4. Wait patiently for the threat to pass — or not.
5. If under an ‘evacuation warning’ advisory, get serious about making sure everything is ready to go.
*** That’s as far as I’ve gotten on my wildfire to-do list. I’ve never gotten to #6.
6. The actual evacuation order is a signal that you are running late. Grab the dog and go. Everything else should already be in your car/truck.

Just say, “see ya later” to your home and drive away. Get out of the local firefighter’s way. Don’t be the guy they need to prioritize over putting out the fire.

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#294087 - 11/07/19 01:48 PM Re: Californians refine the art of evacuations [Re: AKSAR]
Russ Offline
Geezer

Registered: 06/02/06
Posts: 5227
Loc: SOCAL
Good article from Slate.com on the subject of evacuating.

Evacuating California wildfires again
Quote:
...We were in no immediate danger, but the East Bay hills have burned before and it’s possible they’ll burn again. So I’d suggested to my partner that we pack as an experiment, just to get used to the idea. We had an emergency kit we’d assembled in case of earthquakes; on top of that I threw in some underwear and socks, chargers, a backup drive, and a toothbrush, with a bag of dog food and some leashes. I’ve long been proud of my ability to travel light. “That’s it?” he said when he saw my tote. “That’s all you want to save?”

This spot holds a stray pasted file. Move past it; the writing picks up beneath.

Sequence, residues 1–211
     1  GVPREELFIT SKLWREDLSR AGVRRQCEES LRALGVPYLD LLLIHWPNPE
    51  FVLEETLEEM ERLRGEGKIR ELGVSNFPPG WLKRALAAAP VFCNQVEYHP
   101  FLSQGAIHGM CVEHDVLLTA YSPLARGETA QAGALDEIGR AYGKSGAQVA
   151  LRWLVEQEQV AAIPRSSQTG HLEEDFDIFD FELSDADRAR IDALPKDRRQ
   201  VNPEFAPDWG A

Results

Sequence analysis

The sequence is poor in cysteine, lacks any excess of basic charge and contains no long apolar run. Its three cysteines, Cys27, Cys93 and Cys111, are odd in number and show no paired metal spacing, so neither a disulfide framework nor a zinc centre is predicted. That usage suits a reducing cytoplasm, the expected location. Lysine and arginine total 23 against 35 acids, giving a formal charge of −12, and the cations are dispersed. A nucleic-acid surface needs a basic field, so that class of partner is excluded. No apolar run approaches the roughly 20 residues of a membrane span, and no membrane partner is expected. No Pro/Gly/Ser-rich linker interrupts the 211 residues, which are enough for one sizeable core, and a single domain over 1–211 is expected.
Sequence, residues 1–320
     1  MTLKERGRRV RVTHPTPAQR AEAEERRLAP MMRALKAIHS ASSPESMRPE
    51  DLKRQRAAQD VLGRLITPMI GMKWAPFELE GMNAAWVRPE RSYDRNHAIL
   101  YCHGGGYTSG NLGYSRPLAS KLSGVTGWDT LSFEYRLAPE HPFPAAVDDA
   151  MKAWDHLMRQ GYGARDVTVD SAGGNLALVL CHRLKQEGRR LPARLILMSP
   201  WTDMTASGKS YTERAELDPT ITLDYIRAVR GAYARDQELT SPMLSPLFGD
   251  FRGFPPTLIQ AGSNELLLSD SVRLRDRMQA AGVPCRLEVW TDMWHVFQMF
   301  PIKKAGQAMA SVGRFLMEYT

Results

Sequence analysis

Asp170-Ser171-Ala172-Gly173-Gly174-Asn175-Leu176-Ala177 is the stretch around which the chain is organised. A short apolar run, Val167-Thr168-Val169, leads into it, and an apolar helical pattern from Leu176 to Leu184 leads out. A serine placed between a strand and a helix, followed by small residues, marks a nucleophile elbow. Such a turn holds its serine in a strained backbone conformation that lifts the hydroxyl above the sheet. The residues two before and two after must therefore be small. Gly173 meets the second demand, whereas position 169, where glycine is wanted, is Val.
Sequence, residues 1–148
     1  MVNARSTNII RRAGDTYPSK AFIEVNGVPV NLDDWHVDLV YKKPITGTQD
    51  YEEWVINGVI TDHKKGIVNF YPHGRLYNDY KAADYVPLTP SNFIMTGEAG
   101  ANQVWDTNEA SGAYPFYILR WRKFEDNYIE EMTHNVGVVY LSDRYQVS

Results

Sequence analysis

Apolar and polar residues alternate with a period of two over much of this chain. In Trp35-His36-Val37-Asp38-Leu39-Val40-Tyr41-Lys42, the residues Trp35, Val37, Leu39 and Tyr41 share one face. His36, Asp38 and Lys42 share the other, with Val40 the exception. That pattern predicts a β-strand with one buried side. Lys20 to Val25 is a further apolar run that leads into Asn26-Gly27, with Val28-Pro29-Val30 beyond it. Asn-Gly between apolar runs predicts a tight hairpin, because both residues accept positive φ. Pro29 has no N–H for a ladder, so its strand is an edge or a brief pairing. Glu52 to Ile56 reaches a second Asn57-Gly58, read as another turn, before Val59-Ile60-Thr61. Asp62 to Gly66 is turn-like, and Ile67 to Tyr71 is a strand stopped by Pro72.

I realized, then, that I’d misunderstood my own assignment. I thought we were packing only what we needed to survive a few nights away from home. I hadn’t appreciated what evacuating really means: saying a provisional goodbye to everything but what you can carry. And figuring out what the discrepancies are between what you must bring and what you can. ...
... It’s hard enough not to forget things for a short trip—even when you aren’t rushed or scared—but it’s something else to reconcile the two separate challenges of a) packing all you and your loved ones need in the short-term and b) packing all you might want to save of your life as you know it. ...

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#294088 - 11/07/19 03:51 PM Re: Californians refine the art of evacuations [Re: Russ]
hikermor Offline
Geezer in Chief
Geezer

Registered: 08/26/06
Posts: 7054
Loc: southern Cal
Just say, “see ya later” to your home and drive away. Get out of the local firefighter’s way. Don’t be the guy they need to prioritize over putting out the fire.

Russ speak with straight tongue. It's just things, most of which can be replaced (although the hassle is not insignificant). It's a good idea to take pictures with your cell phone as you leave the premises. Even better is to have a series of photos of your goods prepped before hand.
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#294089 - 11/07/19 05:11 PM Re: Californians refine the art of evacuations [Re: hikermor]
Russ Offline
Geezer

Registered: 06/02/06
Posts: 5227
Loc: SOCAL
Yeah, seems like everyone has a decent camera these days which doubles as a phone. Most of those cameras take pretty decent photos of household stuff.